Our results did not provide information about the exact routes through which visual input reached different brain structures to trigger metabolic activity. However, based on the neuroanatomical data on pigeons and songbirds , we can speculate about possible visual flows associated with the metabolically active areas (figures 2⇑–4) in the crow brain. These flows travel from the retina to the telencephalon via the tectum (the tectofugal pathway) or via the dorsal thalamus (the thalamofugal pathway; figure 5). The involvement of both visual pathways and the hippocampus increases the complexity of information flow in the brains of crows that viewed a novel person holding the dead crow (figure 5b). Considering the flow of information into the telencephalon and the results from our observation of blinking behaviour, we suggest that visual information associated with sighting a threatening person or a dead crow is sent to the brain stem nuclei controlling muscular responses via two routes: from the entopallium to the brain stem via the arcopallium or the basal ganglia. It is possible that motor output to the brain stem in response to seeing the hawk involved the same pathways or direct output from the hyperpallium to the brain stem (no route is suggested in figure 5c because in this study we were unable to observe crow behavioural responses to hawks).
Differences in the activation of the amygdala and hippocampus may result from differences in the brain's activity while storing versus recalling fearful information and from differences in the spatial relevance of an observed danger. Lack of significant amygdalar or hippocampal activity (relative to baseline conditions) in response to seeing the innately recognized hawk is consistent with the critical role these structures play in learning and memory. Apparently, the amygdala was activated significantly by stimuli that have previously been learned to be dangerous  (electronic supplementary material, table S1). Our results suggest that the amygdala, while critical to the memory of a learned fear, is not critical to the storage of this information, as presumably occurred when crows viewed a new person holding a dead crow. In contrast, it is the hippocampus that is activated during the storage of the learned fears we studied (see the electronic supplementary material, table S2). Additional observation is needed to confirm the limited role of the amygdala in the acquisition of fears that we know to be learned (the identity of a crow's captor), and its limited response to the sight of a dead conspecific. This could be accomplished by imaging FDG uptake by a crow as it is captured or as it views only a dead conspecific, and will be investigated in a future study.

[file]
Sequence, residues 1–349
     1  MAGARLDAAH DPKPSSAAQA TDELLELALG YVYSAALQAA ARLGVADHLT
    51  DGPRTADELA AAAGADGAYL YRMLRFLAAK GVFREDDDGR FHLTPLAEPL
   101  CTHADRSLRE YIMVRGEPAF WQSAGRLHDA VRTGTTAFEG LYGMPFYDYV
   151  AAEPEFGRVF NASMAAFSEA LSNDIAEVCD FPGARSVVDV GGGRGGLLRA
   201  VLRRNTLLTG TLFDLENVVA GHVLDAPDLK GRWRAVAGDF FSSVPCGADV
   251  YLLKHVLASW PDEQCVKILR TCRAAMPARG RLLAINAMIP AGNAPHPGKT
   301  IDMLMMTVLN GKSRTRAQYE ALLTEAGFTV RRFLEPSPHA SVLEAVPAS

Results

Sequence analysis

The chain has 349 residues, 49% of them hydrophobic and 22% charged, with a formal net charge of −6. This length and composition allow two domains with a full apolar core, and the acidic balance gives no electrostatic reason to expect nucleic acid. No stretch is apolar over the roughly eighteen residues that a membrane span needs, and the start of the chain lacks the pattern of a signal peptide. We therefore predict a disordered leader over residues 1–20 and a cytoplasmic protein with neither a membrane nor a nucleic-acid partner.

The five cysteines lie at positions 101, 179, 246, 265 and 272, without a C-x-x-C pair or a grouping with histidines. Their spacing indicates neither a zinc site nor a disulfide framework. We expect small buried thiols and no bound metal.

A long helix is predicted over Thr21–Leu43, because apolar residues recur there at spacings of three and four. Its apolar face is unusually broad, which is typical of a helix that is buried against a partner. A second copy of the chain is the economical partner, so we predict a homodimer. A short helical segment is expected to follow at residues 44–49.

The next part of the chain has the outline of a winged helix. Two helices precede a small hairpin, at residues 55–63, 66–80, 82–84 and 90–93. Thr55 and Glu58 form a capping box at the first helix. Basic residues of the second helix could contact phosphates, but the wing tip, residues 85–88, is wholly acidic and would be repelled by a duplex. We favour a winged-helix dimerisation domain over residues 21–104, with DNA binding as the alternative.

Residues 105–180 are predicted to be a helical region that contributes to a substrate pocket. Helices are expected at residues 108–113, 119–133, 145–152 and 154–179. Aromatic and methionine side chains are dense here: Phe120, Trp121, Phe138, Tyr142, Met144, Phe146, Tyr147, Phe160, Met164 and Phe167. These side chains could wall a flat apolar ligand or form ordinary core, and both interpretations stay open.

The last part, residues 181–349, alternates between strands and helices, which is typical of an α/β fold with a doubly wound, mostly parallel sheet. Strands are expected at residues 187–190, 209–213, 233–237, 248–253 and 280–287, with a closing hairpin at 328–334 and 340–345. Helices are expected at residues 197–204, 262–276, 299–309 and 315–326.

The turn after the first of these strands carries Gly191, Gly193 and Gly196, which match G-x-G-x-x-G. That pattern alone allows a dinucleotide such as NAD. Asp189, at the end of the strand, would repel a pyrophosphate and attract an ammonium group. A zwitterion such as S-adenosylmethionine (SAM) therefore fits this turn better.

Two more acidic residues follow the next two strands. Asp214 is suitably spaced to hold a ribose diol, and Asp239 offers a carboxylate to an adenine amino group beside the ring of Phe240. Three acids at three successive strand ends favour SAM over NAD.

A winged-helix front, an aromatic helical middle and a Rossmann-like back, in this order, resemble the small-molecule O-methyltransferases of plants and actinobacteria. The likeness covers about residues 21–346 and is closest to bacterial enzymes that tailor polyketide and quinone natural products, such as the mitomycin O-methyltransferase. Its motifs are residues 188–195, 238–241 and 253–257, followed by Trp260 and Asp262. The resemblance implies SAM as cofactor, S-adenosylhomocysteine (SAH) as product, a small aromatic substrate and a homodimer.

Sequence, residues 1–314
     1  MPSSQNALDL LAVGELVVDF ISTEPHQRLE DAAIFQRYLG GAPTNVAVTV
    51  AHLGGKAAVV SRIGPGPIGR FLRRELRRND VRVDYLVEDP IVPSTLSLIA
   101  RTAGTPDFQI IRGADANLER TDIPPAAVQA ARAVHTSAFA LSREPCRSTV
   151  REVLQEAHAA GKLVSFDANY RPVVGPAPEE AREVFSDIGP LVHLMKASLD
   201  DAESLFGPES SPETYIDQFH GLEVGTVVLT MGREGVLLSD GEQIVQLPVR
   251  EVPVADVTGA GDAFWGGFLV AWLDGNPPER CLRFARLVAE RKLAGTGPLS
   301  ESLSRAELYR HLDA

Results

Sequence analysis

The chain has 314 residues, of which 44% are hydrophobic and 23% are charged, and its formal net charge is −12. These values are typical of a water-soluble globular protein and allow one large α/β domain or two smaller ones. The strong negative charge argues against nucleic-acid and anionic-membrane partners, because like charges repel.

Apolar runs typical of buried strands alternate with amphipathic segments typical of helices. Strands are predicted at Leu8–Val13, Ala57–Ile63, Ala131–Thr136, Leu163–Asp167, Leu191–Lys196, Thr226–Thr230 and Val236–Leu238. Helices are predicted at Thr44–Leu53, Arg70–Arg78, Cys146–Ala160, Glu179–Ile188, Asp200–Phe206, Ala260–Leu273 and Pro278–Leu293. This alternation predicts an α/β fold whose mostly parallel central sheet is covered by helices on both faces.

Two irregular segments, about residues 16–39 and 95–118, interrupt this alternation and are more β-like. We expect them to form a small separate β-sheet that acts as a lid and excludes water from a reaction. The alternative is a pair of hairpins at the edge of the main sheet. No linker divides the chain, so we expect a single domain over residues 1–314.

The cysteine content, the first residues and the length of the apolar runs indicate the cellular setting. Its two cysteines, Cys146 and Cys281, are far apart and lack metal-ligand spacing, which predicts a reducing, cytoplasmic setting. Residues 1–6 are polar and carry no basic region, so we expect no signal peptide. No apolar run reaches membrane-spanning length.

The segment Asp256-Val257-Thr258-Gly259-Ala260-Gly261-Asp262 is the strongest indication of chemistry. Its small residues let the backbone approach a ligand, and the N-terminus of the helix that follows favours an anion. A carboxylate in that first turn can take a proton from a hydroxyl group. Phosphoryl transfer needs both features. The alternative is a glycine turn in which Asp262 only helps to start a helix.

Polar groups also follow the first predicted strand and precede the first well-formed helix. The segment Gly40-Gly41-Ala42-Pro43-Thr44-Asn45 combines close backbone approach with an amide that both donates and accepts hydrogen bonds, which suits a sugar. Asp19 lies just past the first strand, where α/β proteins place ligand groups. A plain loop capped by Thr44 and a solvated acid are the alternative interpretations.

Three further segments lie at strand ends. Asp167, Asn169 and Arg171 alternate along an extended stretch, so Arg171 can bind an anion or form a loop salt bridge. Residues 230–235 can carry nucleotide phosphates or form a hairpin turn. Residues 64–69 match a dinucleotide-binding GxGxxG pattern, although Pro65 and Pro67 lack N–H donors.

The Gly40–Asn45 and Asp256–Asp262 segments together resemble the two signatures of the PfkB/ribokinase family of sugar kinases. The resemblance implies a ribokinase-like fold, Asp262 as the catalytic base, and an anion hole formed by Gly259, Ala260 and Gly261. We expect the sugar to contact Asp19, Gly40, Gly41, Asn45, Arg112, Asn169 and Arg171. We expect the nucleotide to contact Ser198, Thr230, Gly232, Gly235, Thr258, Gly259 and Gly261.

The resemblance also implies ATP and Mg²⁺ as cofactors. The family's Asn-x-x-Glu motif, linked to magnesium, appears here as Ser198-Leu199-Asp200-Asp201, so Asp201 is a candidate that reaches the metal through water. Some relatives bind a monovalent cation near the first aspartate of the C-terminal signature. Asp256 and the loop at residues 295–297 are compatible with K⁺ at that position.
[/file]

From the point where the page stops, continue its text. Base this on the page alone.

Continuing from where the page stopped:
The avian hippocampus is considered to be a homologue of the mammalian counterpart and involved in the formation of spatial memory [41,42]. Our results suggest that the hippocampus may also be involved in fear learning generally, or learning of specific fearful locations where crows encounter reliable indicators of a dangerous place (a dead crow). In contrast, we hypothesize that while the observation of freely moving dangers (a threatening person, a hawk) may also indicate dangerous areas to be avoided, this information is less precise than the location where a kill has occurred, and therefore it may not be overly stimulating to the hippocampus. Imaging crows as they respond to other direct and indirect locational cues could test this idea.